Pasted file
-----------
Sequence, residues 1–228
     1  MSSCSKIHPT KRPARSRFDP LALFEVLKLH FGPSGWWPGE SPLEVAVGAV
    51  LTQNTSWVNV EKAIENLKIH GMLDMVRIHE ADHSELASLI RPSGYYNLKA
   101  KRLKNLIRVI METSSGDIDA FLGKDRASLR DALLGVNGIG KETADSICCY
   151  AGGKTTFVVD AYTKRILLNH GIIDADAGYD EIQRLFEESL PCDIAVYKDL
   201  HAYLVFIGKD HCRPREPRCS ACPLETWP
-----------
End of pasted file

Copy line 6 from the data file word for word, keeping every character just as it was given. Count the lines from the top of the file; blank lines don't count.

   201  HAYLVFIGKD HCRPREPRCS ACPLETWP